Microcredit: a miracle or disaster ?

These studies seem to tell us that microcredit makes exactly the services expected of a good financial product: it enables its customers to make major purchases for their business or their household, they could not hire otherwise.

But eighteen months later, we found no sign of a profound transformation of the lives of these families, neither the one nor the other of those studies demonstrated impact on health, education or decision-making power of women. Contrary to pessimistic predictions of the skeptics of microfinance, there has been no frenzy of irresponsible consumption caused by easy money: on the contrary, in India, some families drop out of small temptations of everyday life (tea, snacks, betel nut, tobacco) to repay the loan that allowed them to purchase durable goods.

It is much safer than short-term effects. The impact in three years or more may be quite different. The additional income from the activity they finance the schooling of children? Either the weight of weekly payments will he feel better? Data are being collected.
The dream world of a recipe against poverty and microcredit was a candidate quite plausible. These studies suggest that it is time to return to a more nuanced description of its possible benefits. But blame microcredit to be useless or dangerous because it might prove to be the recipe did not make much sense.

Leaving aside the controversial speech has the advantage of prompt us to go beyond a binary debate to question the canonical model of microcredit and ask how he could better serve their borrowers. One limitation is that the micro finance activities primarily to very small scale, very low growth, very different from the icons of a Bill Gates start Microsoft in his garage in the city streets of India, Indonesia and Bangladesh, we see countless small shops, selling all the same, whose profits are hardly sufficient to pay minimum wages to their owners, although ten to twelve hours of daily work. These micro-enterprises are struggling to move up a gear: more than 90% of business customers Spandana we studied have no employees, none did more than three. To what extent the structure of microcredit contributes Does this state of affairs?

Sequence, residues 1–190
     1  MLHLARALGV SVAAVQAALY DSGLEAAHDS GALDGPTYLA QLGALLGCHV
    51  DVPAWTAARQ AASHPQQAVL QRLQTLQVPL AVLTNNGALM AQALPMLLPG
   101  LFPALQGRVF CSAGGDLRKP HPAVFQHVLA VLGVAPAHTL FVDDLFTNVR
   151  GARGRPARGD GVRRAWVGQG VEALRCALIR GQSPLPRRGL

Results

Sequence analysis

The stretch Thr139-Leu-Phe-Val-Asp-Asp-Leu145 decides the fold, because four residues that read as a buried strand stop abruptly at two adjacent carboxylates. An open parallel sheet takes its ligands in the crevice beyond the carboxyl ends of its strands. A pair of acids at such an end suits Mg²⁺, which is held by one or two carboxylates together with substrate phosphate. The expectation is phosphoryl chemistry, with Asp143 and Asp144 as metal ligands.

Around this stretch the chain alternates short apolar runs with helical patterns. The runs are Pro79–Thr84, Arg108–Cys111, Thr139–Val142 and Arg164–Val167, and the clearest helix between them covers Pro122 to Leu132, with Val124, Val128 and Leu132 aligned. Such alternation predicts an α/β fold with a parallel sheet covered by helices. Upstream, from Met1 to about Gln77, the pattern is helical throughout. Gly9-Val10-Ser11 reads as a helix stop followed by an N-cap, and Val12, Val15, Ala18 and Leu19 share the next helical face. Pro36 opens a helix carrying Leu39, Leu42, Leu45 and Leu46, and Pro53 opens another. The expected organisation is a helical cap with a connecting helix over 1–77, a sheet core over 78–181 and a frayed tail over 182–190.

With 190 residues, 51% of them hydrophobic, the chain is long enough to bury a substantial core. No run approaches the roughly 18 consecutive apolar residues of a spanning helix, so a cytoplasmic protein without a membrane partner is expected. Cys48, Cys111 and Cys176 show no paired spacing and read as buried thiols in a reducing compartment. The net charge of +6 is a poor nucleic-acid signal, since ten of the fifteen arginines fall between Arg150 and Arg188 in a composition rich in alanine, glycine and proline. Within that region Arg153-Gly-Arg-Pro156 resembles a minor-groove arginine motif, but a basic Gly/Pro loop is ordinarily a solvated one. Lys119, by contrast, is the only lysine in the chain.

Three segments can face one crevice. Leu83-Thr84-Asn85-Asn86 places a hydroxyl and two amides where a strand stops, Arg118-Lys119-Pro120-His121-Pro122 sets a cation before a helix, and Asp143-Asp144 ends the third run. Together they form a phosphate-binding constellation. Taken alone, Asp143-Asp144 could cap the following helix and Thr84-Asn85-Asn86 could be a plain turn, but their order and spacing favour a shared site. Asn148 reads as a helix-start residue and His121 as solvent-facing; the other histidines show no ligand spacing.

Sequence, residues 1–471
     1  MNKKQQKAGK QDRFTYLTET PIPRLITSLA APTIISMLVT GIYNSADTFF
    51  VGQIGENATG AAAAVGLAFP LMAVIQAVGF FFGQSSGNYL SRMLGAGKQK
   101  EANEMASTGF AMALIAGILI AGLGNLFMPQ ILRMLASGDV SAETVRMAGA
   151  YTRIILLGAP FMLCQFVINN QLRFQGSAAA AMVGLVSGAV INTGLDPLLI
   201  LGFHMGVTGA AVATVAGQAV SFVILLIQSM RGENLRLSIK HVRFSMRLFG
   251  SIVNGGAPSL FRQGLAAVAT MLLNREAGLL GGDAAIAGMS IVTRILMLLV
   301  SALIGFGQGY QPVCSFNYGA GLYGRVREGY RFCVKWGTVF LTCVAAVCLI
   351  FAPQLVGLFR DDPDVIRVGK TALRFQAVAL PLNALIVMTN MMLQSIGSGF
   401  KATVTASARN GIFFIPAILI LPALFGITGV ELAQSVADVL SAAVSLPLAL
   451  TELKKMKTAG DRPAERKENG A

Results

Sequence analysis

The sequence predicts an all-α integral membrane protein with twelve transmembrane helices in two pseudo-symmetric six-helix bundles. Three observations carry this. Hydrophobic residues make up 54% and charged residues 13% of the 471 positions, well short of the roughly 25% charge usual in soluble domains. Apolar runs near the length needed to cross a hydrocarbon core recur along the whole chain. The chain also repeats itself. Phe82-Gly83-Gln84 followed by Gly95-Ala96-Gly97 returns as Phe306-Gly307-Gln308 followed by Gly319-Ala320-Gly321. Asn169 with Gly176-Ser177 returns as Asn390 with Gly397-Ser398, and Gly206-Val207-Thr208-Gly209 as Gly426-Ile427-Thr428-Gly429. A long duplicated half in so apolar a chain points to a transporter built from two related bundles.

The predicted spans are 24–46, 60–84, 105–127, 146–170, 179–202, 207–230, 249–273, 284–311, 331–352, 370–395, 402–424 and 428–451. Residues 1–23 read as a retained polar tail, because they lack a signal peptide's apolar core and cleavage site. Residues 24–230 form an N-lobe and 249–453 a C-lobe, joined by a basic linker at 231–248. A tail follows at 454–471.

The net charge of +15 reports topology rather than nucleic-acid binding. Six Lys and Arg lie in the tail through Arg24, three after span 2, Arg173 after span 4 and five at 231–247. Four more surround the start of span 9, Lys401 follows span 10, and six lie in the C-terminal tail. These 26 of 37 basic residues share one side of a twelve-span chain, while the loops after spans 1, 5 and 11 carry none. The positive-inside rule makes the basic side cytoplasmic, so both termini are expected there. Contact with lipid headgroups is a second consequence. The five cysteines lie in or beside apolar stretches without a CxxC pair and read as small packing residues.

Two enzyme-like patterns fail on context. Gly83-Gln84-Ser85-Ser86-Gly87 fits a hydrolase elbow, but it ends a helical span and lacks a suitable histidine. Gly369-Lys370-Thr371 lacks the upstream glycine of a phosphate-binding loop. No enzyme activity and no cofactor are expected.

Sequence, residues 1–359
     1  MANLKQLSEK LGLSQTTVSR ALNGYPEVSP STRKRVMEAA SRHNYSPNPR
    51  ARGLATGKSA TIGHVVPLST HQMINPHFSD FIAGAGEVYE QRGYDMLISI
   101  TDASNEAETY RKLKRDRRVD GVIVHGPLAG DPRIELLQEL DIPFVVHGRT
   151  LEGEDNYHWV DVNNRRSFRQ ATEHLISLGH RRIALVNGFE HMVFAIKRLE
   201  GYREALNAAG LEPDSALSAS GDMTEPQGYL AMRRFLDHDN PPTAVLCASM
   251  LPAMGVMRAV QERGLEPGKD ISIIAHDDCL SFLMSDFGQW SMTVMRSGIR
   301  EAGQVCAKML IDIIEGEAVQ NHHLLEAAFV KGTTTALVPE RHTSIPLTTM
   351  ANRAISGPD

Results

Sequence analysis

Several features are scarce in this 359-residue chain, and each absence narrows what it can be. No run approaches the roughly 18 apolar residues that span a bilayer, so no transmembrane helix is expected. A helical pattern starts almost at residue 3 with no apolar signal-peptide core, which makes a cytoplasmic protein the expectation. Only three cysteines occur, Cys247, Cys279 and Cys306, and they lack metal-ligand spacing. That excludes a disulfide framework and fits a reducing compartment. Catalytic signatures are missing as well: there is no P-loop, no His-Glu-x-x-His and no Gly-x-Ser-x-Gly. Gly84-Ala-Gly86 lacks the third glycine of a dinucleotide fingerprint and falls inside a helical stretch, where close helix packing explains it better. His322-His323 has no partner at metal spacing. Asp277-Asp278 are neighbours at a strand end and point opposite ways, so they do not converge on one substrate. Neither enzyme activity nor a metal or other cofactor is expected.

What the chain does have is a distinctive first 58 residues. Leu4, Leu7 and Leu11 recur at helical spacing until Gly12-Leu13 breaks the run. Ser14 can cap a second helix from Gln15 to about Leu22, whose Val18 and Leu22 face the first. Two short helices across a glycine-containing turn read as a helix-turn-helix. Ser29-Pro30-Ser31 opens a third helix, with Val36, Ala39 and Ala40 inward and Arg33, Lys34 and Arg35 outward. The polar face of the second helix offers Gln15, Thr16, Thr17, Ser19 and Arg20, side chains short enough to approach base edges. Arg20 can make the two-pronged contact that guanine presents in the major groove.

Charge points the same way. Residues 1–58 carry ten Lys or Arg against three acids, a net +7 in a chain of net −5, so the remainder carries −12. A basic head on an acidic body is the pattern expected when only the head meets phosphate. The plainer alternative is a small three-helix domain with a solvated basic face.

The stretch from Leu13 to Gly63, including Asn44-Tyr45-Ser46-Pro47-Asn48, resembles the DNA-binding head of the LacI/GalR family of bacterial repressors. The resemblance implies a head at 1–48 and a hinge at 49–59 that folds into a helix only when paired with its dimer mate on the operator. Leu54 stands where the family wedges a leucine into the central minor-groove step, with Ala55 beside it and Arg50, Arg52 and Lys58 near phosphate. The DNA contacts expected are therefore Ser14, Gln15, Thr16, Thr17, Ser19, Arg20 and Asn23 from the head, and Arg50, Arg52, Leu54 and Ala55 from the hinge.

A first aspect is the liability, trademark microcredit. It discourages risk taking, because other women in the group does not want to risk having to refund in case of failure, whereas in case of success, they n'empocheront no additional gains: they will tend to prevent others from engaging in risky activities, but more profitable. But a recent study in the Philippines shows that the loan is not solidarity essential to the proper reimbursement: reimbursement rates are equally high in the traditional branches in those where clients are only responsible for their own borrowing.
The weekly repayment and Now, another cornerstone of Microcredit, also has its limits. In West Bengal, the organization Village Welfare Society has enabled some clients do not start paying a few weeks after having received money from the loan. This enabled them to make investments more profitable and more ambitious: for example, those who wanted to engage in the sale of clothing bought a sewing machine instead of a stock to sell saris. This level of increased risk, of course, leads to more failures and thus more non-recoverable.

Thus, paradoxically, microcredit by its current rules, is more suited to finance activities that family eke out a living as real companies creating jobs. But the movement is in the process of renewal: some microfinance institutions (including Grameen Bank) have quietly abandoned the joint loan. They continue to ask their clients to meet each week, these meetings create strong social links, facilitating mutual assistance in case of crisis. But they do not penalize longer a client when the group does not repay. In addition, organizations such as Accion help microfinance institutions to offer their best customers individual products, tailored to business finance slightly more important. Other groups offer training in accounting or management to their customers.

But funding is not the only barrier to the growth of micro-enterprises. In many cases, microfinance clients are entrepreneurs want the best. Following the Asian crisis for example, the number of family businesses has exploded in Thailand. But unlike earlier periods, these companies have not prospered. Their owners have abandoned them once the economic situation had improved and were able to find gainful employment. These entrepreneurs forced dream for themselves and their children, a stable job, which seems to him, initiate a process of national transformation: its security can invest in the education of children, health or home more welcoming.
This obviously does not question the usefulness of microcredit, as these jobs are not stable or not in sufficient numbers. An activity, however modest, is already an essential income. But the romantic vision of one billion entrepreneurs barefoot is probably an illusion. Distinguishing those of their customers who actually risk-taking and enterprise of those who are forced, and offer each service is tailored the new challenge of microfinance. Similarly, growth of real wage sector (industrial or service) must remain a priority for economic policy in poor countries.

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